Petition to United States Congress, 29 November 1839

  • Source Note
Page 5
image
lives if that would satisfy the furry  of the Mob. and purchase peace and  security for their unoffending bretheren  their helpless wives and children The  reply of the Mob was that the  must leave the ‘en Masse’ or that  every man should be put to death. The  Mormons terrified and defenceless then  entered into an agreement to leave the  . One Half by the first of January  the other Half by the first of April next  ensueing. This treaty being made & ratified  the Mob dispersed— Again for a time  the persecuted Mormons, enjoyed a  Respite from their pe[r]secutions but not  long was this repose permitted them.
Sometime in the Month of October a  meeting was held at at  which it was determined to remove  the Mormons or die, Inflamatory speeches  were made and one of the speakers swore  he would remove the Mormons from the  , if he had to wade up to his  neck in blood. Be it remarked that  up to this time the Mormons had faithfuly  observed the treaty, and were guilty of no  offence against the laws of the land or of society [p. 5]
lives if that would satisfy the furry of the Mob. and purchase peace and security for their unoffending bretheren their helpless wives and children The reply of the Mob was that the must leave the ‘en Masse’ or that every man should be put to death. The Mormons terrified and defenceless then entered into an agreement to leave the . One Half by the first of January the other Half by the first of April next ensueing. This treaty being made & ratified the Mob dispersed— Again for a time the persecuted Mormons, enjoyed a Respite from their persecutions but not long was this repose permitted them.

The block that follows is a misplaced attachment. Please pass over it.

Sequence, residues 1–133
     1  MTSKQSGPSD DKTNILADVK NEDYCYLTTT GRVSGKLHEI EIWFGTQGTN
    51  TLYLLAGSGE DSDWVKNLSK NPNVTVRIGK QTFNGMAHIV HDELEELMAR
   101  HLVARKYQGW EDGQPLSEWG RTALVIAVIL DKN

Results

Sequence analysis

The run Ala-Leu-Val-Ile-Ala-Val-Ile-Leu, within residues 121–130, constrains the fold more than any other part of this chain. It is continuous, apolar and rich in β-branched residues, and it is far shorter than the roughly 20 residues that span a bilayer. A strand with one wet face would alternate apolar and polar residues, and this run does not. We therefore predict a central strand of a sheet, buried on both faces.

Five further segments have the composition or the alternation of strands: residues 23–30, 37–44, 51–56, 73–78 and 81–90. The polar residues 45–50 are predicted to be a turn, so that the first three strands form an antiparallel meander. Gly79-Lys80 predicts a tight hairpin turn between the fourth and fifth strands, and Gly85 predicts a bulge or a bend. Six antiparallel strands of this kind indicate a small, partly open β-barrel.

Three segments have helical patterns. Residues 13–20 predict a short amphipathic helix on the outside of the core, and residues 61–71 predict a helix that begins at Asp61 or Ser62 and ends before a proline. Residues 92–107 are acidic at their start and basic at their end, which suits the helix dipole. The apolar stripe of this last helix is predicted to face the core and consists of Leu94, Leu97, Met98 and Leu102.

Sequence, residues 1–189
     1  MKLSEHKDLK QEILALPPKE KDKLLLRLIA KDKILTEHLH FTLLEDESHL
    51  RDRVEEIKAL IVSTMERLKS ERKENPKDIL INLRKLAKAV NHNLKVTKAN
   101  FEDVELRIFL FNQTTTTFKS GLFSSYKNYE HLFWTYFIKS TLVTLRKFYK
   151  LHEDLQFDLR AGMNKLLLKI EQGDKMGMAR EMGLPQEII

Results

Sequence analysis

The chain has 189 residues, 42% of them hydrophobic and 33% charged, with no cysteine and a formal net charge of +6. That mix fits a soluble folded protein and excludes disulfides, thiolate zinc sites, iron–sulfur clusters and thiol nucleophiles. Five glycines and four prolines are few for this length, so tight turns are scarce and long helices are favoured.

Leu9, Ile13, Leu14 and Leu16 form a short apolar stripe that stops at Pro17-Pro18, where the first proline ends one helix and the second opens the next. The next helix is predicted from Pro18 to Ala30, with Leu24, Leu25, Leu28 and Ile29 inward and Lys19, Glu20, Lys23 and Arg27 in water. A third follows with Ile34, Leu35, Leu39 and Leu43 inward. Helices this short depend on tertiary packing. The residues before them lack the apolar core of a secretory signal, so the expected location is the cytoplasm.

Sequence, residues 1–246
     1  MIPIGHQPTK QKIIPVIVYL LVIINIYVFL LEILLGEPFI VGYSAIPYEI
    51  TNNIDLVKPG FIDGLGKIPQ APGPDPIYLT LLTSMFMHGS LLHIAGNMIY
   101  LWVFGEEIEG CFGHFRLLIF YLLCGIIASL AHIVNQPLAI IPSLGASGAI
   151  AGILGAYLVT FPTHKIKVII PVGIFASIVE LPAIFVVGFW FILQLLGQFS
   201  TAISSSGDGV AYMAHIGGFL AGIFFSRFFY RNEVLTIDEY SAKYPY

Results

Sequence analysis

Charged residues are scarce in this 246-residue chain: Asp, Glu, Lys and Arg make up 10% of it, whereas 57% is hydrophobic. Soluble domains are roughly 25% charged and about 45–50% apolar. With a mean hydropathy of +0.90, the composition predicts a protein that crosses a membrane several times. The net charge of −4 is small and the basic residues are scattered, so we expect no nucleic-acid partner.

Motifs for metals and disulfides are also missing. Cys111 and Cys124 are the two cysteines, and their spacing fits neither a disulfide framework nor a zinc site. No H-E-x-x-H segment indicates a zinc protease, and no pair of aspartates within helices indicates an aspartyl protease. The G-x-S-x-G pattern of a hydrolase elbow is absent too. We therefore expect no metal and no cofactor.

Sometime in the Month of October a meeting was held at at which it was determined to remove the Mormons or die, Inflamatory speeches were made and one of the speakers swore he would remove the Mormons from the , if he had to wade up to his neck in blood. Be it remarked that up to this time the Mormons had faithfuly observed the treaty, and were guilty of no offence against the laws of the land or of society [p. 5]
Page 5